Cities are creating a resilient future by adapting to climate change
By Akel Biltaji, Mayor of Amman, Jordan and Vice-Chair of C40 Cities Climate Leadership Group, and H.E. Abdulla Al Shaibani, Secretary General of the Executive Council of Dubai, UAE
2016 was a momentous year for action on climate change. More than 120 countries, including Jordan and the United Arab Emirates, ratified the Paris Agreement to limit global temperature rise to below 1.5 degrees Celsius. As the Mayor of Amman and the Secretary General of Dubai’s Executive Council, representing the most populous cities in our two countries, we understand the magnitude of this commitment by our national governments, and are ready to help turn the aspiration of the Paris Agreement into action on the ground.
Around the world mayors and city leaders in the C40 network – now comprised of 90 cities – are building low carbon and resilient cities that deliver a range of social, economic and environmental benefits to our citizens. We know that this kind of action is urgently needed. Research by C40 shows that the world’s megacities must peak emissions by 2020 and must cut per capita emissions from over 5 tons of CO2 to around 3 tons by 2030.
We understand that creating a climate-safe world requires cities to adapt to climate change that is already happening, in addition to cutting emissions. The cost of inaction is staggering. Unless preventative action is taken, climate change-related natural disasters have been estimated to put 1.3 billion people at risk by 2050 and destroy assets worth $158 trillion – which is double the annual productive output of the world.
Amman is no stranger to the dangers that climate change poses to our economy, our infrastructure and the health and well-being of our citizens. Jordan has the third lowest water availability per capacity of any country in the world. As the climate changes, increasing temperatures and the risk of drought, along with population growth from refugee influx, is creating a profound challenge for Amman. Even under the most optimistic scenarios the situation is likely to get worse in the years ahead.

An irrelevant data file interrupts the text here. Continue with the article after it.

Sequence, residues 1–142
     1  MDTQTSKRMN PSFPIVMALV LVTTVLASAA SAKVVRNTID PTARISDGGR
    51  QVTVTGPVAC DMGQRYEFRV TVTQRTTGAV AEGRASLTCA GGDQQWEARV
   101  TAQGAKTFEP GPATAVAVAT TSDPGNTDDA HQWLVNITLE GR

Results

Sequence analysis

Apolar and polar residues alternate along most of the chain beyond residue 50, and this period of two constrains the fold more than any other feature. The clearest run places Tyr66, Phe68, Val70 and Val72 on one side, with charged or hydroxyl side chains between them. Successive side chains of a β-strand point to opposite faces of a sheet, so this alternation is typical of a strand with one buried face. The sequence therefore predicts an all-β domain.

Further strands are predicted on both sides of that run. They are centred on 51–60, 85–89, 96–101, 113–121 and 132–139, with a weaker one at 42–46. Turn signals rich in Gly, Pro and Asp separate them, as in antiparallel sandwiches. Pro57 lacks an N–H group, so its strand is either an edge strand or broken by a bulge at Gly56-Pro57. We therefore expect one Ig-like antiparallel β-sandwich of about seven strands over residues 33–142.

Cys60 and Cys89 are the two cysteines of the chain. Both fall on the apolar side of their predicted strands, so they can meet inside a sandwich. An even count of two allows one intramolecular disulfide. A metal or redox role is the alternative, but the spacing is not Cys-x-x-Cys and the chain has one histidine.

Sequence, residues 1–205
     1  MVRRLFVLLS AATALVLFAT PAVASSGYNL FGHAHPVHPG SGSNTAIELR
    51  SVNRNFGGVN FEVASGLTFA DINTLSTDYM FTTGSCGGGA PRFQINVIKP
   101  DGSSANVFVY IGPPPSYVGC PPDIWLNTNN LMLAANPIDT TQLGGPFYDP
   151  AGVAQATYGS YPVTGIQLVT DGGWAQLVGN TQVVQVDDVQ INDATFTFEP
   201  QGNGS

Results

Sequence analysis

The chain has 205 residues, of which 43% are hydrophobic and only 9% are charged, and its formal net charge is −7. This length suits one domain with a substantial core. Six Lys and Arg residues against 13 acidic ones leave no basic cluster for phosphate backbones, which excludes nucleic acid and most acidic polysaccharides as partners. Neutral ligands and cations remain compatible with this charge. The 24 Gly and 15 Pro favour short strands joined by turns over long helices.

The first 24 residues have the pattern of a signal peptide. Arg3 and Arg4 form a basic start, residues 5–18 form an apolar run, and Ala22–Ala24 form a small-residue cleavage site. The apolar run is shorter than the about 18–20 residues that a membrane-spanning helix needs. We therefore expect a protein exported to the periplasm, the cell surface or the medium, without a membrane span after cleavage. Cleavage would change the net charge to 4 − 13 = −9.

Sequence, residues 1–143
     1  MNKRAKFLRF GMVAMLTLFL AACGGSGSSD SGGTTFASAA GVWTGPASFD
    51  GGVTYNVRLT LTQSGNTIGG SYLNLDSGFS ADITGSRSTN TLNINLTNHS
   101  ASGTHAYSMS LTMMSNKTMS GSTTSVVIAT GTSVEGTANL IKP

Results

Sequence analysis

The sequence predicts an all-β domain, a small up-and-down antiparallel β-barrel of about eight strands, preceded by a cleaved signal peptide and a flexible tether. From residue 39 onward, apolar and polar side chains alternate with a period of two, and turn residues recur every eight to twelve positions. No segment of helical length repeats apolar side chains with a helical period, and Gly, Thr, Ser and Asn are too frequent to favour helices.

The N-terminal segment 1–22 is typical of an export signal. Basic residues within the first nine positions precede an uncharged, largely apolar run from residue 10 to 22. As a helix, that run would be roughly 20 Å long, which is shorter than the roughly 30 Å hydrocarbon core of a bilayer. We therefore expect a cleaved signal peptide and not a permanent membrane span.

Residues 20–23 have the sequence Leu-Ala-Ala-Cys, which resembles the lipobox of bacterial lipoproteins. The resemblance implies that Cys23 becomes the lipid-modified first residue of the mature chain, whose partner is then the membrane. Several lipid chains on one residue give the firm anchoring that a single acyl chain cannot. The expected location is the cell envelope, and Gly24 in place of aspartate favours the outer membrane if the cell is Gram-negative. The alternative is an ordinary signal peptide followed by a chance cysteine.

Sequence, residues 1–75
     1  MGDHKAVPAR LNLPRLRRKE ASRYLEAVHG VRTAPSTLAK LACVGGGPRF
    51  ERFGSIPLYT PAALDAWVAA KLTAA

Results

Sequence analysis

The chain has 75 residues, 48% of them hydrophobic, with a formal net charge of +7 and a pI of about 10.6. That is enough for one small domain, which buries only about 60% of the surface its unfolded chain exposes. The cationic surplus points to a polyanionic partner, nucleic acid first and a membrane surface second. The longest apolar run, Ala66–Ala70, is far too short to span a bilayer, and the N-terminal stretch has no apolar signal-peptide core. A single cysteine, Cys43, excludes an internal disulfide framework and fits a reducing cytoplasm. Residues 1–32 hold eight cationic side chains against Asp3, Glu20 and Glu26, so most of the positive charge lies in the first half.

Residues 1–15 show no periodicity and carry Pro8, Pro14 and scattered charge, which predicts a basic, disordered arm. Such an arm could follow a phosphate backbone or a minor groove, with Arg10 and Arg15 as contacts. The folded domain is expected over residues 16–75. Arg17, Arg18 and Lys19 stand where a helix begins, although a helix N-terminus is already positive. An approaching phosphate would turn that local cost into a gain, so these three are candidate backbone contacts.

Dubai shares many of these challenges. The Emirate of Dubai lies within an arid zone where average temperatures are high, fresh groundwater is limited, and rainfall is insufficient to supply the needs of agriculture, industrial development, and a growing population. In this context, developing a climate change risk assessment and an adaptation plan are important milestones towards making Dubai a climate resilient city.
However, the resiliency and tenacity of our cities means that we are facing this challenge head on. We, as city leaders are committed to implementing and delivering innovative climate solutions. Amman, for instance, is working with partners to develop a flood management and storm water network master plan for the city.
Following UAE’s ratification of the Paris Agreement, Dubai is developing a strategic plan to adapt to the impact of climate change. So, it is appropriate that last month in Dubai, along with representatives from 43 C40 cities, including Johannesburg, Rotterdam, Paris, Seoul, and Washington D.C., we are focusing on addressing the impacts of climate change on the world’s megacities. The C40 Dubai Adaptation Conference represented a powerful opportunity to catalyse action in our cities, and ensure that climate adaptation is embedded into all decision making and infrastructure projects.
The next four years are crucial in determining if the worst effects of climate change can be avoided. Yet, even if every nation on earth stopped generating greenhouse gas emissions today, our cities and citizens would still feel the impacts of climate change for decades to come. With the health and wellbeing of our people and economies at stake, the risks of inaction are too great to ignore. This is why we are determined to create resilient cities, prepared for whatever our future climate will be.